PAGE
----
Abstract, Ecological Society of America Annual Meeting, Spokane, WA, August, 1999.
SHOLTIS, J., GUNDERSON, C., TISSUE, D., and NORBY, R.
Photosynthetic response of deciduous trees in a Free-Air CO2 Enrichment (FACE) environment.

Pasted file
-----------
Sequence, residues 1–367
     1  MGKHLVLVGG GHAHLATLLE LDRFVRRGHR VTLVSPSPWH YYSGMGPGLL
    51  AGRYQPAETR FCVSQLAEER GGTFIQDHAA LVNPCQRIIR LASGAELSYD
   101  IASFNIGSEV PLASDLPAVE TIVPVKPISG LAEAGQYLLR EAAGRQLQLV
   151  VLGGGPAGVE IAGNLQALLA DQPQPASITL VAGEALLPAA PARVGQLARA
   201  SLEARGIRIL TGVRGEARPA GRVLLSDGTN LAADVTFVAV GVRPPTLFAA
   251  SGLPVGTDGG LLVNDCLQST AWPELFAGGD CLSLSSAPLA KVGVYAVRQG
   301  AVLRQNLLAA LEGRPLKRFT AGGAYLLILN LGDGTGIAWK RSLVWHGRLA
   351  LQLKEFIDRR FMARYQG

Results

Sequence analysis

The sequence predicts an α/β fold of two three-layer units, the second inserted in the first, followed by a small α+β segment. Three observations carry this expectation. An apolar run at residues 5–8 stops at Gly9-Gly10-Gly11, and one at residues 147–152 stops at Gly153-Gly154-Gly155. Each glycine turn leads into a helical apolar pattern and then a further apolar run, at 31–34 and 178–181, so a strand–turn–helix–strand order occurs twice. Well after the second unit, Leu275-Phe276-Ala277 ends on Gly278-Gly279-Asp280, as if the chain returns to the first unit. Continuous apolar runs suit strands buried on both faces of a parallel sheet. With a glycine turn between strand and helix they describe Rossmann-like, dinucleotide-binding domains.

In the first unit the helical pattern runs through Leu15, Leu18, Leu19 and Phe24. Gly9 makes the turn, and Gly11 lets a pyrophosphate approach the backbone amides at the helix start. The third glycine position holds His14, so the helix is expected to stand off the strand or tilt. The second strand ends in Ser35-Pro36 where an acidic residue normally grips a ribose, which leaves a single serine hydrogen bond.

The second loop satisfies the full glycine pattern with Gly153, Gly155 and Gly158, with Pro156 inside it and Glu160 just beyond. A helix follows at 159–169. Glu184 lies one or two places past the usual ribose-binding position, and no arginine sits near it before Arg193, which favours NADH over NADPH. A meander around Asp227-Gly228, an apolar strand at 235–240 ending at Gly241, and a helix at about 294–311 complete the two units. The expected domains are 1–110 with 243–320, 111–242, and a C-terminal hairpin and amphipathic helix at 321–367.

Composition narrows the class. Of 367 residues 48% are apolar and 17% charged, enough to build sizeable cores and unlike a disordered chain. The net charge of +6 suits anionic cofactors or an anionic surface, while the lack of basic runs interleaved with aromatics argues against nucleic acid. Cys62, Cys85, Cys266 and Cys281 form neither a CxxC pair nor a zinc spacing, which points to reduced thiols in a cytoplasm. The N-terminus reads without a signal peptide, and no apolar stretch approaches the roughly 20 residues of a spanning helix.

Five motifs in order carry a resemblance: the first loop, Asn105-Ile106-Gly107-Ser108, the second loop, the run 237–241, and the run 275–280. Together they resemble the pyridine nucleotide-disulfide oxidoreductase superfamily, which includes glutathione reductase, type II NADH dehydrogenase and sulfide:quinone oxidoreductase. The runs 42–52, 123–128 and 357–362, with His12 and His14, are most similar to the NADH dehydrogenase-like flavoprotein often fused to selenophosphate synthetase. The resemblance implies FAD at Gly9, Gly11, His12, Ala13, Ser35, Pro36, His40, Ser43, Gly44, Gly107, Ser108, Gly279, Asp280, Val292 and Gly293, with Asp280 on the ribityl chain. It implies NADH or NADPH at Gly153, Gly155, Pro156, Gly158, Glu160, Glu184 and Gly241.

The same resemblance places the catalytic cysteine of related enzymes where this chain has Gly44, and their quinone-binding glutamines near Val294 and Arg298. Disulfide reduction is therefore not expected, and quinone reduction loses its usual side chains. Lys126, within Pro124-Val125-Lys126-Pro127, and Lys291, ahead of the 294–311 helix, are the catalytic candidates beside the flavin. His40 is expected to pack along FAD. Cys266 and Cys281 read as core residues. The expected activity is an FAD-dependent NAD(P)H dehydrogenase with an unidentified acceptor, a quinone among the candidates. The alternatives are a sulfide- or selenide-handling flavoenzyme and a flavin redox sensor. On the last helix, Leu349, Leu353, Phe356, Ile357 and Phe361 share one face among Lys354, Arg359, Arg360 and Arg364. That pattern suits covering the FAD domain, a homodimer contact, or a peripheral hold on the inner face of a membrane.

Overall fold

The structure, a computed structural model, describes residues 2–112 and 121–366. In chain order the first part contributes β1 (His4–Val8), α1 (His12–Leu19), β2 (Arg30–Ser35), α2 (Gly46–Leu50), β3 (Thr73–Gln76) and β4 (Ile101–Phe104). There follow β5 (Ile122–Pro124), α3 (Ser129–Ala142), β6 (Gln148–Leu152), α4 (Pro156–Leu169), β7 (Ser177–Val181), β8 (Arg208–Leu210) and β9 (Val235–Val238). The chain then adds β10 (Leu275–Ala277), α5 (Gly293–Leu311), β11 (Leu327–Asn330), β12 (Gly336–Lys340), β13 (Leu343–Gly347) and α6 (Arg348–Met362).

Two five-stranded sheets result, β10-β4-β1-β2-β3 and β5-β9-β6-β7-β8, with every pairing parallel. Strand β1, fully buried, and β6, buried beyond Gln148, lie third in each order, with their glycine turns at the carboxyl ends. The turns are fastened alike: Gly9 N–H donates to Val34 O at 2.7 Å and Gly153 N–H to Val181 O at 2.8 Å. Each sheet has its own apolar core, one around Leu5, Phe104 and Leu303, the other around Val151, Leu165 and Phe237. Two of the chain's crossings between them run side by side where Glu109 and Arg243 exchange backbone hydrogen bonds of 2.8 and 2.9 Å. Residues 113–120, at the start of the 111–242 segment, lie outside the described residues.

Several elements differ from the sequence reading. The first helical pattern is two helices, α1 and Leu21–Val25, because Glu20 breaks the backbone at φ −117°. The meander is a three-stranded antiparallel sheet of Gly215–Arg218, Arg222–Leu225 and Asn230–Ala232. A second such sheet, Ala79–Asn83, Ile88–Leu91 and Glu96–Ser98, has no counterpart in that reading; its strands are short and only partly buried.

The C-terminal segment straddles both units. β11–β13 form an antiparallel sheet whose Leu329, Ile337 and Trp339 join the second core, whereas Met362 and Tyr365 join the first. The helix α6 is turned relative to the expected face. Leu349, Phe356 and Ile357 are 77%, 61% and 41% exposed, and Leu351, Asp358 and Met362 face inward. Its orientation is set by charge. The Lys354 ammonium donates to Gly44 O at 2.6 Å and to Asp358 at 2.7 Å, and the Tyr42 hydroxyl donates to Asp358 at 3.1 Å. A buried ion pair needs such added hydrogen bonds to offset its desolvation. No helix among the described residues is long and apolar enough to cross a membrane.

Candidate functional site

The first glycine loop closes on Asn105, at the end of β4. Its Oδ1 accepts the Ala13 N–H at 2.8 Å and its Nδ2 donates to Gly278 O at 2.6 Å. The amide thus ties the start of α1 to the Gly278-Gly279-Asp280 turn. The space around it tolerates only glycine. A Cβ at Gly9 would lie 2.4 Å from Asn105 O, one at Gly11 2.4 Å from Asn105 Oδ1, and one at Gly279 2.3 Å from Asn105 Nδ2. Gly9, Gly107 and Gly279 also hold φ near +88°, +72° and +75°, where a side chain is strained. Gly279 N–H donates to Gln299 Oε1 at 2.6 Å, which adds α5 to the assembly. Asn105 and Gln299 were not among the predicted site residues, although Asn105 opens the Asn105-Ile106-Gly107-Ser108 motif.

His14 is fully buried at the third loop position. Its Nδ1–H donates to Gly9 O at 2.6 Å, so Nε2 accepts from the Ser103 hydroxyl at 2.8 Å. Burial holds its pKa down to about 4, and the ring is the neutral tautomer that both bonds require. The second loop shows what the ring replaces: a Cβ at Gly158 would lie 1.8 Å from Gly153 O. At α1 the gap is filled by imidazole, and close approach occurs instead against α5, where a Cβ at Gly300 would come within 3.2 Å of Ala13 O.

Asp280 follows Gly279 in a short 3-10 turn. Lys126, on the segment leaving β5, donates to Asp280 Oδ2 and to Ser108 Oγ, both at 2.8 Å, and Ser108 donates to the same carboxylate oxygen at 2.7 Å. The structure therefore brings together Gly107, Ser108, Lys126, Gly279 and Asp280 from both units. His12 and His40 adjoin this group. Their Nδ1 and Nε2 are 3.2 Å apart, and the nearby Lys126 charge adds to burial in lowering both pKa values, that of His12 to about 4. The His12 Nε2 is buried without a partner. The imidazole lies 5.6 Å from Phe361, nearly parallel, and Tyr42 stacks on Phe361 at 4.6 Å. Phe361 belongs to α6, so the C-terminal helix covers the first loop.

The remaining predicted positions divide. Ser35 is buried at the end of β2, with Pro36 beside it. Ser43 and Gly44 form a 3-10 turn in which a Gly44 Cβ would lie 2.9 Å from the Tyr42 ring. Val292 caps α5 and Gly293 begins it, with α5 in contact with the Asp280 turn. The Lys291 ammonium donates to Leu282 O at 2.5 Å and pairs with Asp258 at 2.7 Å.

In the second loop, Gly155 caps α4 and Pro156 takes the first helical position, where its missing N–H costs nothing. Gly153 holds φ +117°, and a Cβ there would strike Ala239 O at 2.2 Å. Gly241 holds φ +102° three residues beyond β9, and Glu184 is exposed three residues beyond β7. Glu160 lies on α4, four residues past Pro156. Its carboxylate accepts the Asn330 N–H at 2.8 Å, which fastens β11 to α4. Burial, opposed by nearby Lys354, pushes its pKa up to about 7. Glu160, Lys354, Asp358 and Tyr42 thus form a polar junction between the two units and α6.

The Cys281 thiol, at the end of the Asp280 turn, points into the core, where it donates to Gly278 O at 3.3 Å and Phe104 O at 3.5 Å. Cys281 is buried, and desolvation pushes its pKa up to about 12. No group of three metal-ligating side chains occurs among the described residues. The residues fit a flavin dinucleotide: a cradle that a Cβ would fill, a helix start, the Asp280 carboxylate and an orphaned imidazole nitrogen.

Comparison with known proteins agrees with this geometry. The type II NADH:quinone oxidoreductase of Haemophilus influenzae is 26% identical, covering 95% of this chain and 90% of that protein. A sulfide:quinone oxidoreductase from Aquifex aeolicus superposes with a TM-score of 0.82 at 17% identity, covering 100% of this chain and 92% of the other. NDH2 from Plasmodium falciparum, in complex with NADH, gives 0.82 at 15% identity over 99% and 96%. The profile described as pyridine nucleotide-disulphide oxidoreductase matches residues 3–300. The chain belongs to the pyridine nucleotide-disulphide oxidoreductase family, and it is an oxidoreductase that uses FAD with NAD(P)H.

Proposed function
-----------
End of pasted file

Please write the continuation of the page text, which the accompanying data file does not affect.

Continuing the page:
The effects of elevated CO2 on the growth of ten-year-old sweetgum (Liquidambar styraciflua L.) trees were assessed at a FACE (Free-Air CO2 Enrichment) site at the Oak Ridge National Laboratory, TN. Data were collected in this first season of enrichment to determine the extent of changes in gas exchange, and determine the key biochemical control points that regulate and integrate physiological processes that affect leaf-level carbon balance. Trees were exposed to elevated (56 Pa), control (36 Pa), or ambient CO2 concentrations beginning in the spring of 1998. The net photosynthetic rates of canopy leaves at their growth CO2 concentrations were measured and found to be 32% (summer) and 84% (autumn) higher in those trees grown in the enriched CO2. Analyses of ACi curves indicated that reductions of 12% in summer and 39% in autumn photosynthetic capacities of leaves exposed to elevated CO2 were the result of reductions in Rubisco carboxylation capacity (18% summer, 7% autumn) and electron transport capacity (16% summer, 35% autumn). Decreased photosynthetic capacity was accompanied by reductions in various photosynthetic components, including total chlorophyll (23% summer, 18% autumn) and mass-based leaf nitrogen concentration (21% summer, 6% autumn). These first-season trends are suggestive of both a physiological adjustment and seasonal differences in the photosynthetic capacity of these trees. Future research at this site should help elucidate the mechanisms at work in this system.